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Trinity Primary School

Nurturing Hearts and Minds

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History At Trinity 


Hereford is an area with a wealth of history on its doorstep. At Trinity, we want to immerse our children in local historical knowledge as well as gain a wider understanding of important key worldwide events from the past. We also aim to equip our children with the ability to ask historical questions, think critically, develop points-of-view, and understand how events from the past have influenced the present day. Ultimately, we aim to cultivate excitement and wonder in our history through a creative and engaging curriculum.


History triggers the children’s curiosity about the past in Britain and the wider world, and plays an essential part in making sense of the contemporary world. Pupils consider how the past influences the present, what past societies were like, and what beliefs and cultures influenced people’s actions. As they do this, children develop a chronological framework for their knowledge of significant events and people. They see the diversity of human culture and experience, and begin to see ‘difference’ as interesting and positive, rather than simplistically ‘other’. This nurturing will help to develop positive values such as tolerance, inclusivity and respect for others, as well as respecting each other’s beliefs.


In the ambitious history curriculum we teach, children explore evidence, evaluate it and reach their own conclusions. To do this they need to be able to research, sift through relevant information, and put forward a line of argument – all necessary skills that are required for adult life. In addition to yeargroup-specific units of study, we enagage in regular whole-school history events, such as Black History Month and Remembrance Day, to deepen pupils' understanding or a range of historical contexts. We assess our history curriculum every year to for continuous refinement and improvement.


In Reception, we focus on the past and present within the children’s own lives. This helps the children understand how their own personal historical narratives serves to define who they are. The children create family wheels (All About Me) which provide visual clarity to their understanding of time and how they relate to it. Differences are explored in terms of wider family members and different traditions, sowing the seeds for their later immersion into other ages and civilizations.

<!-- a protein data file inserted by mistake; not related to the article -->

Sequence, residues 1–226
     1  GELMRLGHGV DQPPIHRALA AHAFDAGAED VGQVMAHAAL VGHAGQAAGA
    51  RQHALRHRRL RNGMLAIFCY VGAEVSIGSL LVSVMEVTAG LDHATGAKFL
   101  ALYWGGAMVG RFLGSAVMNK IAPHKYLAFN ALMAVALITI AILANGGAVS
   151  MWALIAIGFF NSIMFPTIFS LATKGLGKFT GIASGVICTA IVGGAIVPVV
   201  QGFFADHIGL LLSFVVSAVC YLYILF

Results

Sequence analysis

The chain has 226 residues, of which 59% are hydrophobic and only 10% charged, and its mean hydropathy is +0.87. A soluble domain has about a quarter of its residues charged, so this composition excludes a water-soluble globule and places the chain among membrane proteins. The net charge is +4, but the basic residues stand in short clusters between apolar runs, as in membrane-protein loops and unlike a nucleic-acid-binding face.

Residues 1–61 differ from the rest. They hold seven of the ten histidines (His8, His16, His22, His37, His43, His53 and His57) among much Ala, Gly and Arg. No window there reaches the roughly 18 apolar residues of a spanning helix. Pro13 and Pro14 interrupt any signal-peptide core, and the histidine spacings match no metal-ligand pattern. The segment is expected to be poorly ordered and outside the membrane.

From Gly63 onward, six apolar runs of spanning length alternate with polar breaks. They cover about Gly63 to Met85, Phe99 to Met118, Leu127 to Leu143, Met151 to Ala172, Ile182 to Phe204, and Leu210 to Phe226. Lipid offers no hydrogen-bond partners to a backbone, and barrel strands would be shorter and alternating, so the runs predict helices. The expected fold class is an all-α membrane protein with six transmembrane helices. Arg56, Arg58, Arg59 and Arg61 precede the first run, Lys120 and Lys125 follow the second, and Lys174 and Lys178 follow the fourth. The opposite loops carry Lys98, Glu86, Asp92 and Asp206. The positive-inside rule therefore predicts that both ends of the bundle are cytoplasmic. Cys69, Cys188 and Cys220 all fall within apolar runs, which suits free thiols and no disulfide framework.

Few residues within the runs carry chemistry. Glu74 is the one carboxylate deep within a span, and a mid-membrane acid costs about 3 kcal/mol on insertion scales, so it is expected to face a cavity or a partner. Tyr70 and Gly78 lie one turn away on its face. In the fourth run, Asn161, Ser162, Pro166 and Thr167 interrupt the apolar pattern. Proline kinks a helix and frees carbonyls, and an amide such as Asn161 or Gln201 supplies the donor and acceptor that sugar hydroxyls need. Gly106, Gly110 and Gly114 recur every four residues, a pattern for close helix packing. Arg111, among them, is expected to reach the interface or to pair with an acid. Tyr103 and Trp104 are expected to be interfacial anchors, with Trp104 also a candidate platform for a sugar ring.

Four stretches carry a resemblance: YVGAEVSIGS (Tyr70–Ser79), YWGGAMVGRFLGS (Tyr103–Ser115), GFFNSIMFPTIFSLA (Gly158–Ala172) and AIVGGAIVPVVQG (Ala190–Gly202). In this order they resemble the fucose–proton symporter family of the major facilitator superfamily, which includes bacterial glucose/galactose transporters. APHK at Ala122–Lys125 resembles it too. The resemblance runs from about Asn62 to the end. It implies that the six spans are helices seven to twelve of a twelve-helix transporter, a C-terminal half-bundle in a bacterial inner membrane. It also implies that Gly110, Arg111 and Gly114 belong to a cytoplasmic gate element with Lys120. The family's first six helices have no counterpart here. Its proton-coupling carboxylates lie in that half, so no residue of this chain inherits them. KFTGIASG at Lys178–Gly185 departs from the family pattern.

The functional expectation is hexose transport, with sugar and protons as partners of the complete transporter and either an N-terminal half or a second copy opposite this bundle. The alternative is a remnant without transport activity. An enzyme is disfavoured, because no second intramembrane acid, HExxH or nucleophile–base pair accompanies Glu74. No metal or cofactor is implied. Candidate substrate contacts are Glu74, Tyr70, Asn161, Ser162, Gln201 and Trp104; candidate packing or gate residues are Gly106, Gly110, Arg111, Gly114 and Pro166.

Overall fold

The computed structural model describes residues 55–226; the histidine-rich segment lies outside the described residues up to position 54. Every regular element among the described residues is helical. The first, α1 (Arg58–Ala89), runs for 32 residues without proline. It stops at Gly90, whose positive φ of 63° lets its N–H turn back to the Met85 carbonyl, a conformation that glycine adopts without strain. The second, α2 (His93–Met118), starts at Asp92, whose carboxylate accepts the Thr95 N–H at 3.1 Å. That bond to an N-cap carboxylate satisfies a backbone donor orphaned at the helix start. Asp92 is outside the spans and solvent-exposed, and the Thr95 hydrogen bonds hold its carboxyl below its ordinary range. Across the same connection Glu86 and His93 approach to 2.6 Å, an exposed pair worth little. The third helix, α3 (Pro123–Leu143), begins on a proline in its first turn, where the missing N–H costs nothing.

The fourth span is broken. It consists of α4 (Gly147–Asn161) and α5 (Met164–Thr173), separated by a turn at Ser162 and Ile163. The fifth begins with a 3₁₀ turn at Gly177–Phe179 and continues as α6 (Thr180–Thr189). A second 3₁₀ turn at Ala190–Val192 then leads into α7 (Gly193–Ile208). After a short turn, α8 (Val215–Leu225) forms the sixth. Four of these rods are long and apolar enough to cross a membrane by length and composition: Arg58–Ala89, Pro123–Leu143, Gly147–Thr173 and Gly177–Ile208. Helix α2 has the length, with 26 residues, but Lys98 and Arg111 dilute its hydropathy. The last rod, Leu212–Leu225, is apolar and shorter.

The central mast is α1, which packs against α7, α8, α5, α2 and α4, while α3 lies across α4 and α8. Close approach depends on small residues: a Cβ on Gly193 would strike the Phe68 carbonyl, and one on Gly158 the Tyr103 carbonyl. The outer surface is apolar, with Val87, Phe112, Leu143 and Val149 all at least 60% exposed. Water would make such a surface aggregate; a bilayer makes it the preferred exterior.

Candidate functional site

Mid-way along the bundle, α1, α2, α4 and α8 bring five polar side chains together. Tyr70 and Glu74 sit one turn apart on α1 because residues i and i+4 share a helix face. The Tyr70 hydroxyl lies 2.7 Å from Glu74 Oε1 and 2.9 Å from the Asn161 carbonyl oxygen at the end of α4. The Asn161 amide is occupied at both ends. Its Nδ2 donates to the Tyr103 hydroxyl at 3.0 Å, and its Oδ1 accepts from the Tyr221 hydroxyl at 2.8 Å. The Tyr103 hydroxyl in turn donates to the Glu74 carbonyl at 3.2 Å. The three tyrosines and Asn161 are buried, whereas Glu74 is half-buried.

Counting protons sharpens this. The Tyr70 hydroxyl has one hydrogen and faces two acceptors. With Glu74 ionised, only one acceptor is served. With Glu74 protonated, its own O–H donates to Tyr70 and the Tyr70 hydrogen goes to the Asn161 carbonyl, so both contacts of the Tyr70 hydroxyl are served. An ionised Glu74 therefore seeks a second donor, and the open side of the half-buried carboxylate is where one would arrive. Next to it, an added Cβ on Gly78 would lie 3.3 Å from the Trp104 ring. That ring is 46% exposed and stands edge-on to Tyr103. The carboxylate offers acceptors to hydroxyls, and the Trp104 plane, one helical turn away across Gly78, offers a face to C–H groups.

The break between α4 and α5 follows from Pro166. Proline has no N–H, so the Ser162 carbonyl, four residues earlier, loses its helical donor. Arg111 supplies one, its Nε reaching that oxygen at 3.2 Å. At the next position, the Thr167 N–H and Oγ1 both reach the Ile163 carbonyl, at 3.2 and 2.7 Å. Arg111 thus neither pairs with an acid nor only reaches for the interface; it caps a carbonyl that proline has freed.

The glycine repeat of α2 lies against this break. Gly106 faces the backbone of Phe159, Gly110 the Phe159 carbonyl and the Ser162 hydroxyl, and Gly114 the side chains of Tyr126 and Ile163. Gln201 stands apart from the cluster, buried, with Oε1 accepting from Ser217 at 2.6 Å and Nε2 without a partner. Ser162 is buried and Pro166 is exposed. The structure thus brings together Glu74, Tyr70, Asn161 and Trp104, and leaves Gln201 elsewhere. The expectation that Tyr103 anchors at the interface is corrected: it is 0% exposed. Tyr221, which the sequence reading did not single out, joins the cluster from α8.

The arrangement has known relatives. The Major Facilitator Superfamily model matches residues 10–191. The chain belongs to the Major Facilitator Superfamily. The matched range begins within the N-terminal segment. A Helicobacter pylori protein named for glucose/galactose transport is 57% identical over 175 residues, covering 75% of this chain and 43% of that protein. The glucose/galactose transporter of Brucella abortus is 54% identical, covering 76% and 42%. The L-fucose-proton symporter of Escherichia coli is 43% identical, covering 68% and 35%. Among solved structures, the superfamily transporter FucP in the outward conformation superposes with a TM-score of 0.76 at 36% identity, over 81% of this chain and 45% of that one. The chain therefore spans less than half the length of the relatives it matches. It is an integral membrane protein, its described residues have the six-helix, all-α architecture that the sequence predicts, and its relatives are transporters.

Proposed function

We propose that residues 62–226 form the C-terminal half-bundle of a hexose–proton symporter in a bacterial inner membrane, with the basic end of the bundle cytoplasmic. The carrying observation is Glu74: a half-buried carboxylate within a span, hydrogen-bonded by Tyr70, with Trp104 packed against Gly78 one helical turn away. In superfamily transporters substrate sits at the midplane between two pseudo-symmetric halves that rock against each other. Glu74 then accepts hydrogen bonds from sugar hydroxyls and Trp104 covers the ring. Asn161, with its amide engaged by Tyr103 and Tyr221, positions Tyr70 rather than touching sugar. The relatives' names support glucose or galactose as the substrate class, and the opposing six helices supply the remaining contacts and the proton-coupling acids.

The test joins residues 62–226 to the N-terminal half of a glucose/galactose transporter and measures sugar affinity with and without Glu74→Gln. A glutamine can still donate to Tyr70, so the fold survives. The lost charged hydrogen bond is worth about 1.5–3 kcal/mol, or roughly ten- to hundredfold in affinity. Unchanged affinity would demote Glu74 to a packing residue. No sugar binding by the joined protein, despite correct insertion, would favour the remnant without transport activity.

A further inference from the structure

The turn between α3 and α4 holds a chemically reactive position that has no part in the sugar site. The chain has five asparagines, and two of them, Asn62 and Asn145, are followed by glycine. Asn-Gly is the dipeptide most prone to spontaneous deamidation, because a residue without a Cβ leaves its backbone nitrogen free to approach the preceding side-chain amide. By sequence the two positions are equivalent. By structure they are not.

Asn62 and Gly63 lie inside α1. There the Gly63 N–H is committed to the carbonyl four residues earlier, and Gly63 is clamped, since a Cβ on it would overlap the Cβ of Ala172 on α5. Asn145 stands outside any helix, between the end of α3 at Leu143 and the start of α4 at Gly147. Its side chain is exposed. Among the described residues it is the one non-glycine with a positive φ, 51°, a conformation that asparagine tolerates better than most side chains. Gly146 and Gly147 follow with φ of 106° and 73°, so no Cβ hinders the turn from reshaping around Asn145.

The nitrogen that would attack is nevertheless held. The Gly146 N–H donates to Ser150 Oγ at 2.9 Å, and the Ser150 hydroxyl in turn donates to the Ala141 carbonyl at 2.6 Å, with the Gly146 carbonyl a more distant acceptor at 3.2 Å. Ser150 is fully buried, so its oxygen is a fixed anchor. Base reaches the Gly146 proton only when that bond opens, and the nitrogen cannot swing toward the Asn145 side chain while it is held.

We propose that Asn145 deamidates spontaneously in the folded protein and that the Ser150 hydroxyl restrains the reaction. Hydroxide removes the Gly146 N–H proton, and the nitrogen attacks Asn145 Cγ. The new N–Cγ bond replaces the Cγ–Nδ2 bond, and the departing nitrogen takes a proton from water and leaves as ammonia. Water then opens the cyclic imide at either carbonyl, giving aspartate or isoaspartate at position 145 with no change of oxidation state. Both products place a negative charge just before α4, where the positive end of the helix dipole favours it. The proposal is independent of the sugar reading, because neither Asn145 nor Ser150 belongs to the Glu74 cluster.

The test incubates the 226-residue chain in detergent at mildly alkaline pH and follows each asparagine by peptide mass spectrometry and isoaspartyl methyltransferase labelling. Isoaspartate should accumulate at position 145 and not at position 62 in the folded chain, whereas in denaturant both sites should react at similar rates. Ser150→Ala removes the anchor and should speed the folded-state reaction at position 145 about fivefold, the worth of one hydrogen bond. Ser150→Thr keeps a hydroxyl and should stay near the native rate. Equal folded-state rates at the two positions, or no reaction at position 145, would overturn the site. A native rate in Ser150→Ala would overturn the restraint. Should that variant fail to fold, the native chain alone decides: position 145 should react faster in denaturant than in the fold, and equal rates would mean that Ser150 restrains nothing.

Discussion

In Year 1, we study Toys, Living Memory and Famous People. By exploring the differences between old and new toys, the children can start to conceptualise comparisons from historical artefacts which relate to the time they were made. In addition, they can make enquiry-based questions in support of the toy-themed workshop. Our Famous People topic allows us to introduce cultural capital, and answer the question, what makes people famous?

In Year 2, we study Castles, The Great Fire Of London and The Way We Were. Our castles study allows us the opportunity to visit local Goodrich Castle. In the run up to this, we research different aspects of castles, develop our questioning skills and begin to explain and justify our decisions (built on throughout Key Stage 2). The Great Fire Of London topic provides the opportunity for the children to compare and contrast before and after, and provides an insight into how major events have impacted the choices that governments make. Further comparisons are made in our Way We Were topic.

In Year 3, we study British Monarchs, The Stone Age and The Iron Age. Our British Monarchy study allows us to research all the British monarchs in reverse starting from the current Queen. It offers opportunities for the children to develop their understanding of chronology, as well as build on their knowledge of The Royal Family (from Early Years) through creating more complex family trees. Our Stone Age and Iron Age studies offer the opportunity to study how everyday life changed for the Ancient Britons during this time, and also leads into exploring archaeological research into Britain’s standing stones, with relevant explanations and justifications.

In Year 4, we study Ancient Egypt, The Romans and Anglo-Saxons. Our Egyptian study includes creating a museum for our parents to come and visit. Research skills are required to provide an interesting information display as well as a chronological timeline.

In Year 5, we study Vikings, Ancient Greece and The Victorians. Our Victorian study explores the impact of the industrial revolution and introduces aspects of the British Empire which is built on in Year 6. It also provides an opportunity for our local study. Our Viking study links to the Anglo-Saxons in Year 4, and focuses on shifts in Britain during this time, as well as looking at historical artefacts to develop enquiry-based learning. Finally, we look at Ancient Greece and its impact on the modern world.

In Year 6, we study Charles I, The British Empire and Baghdad. Our study of Charles I / Civil War is an exciting and dramatic period of British history, and provides excellent opportunities to apply various critical-thinking skills (points of view, bias, conclusions) as well as providing an opportunity to explore the siege of Hereford (local visit). Our British Empire study further builds on these skills and introduces impacts we have had on the world stage. Finally, our Baghdad unit offers an exploration of another civilization to complement our British studies.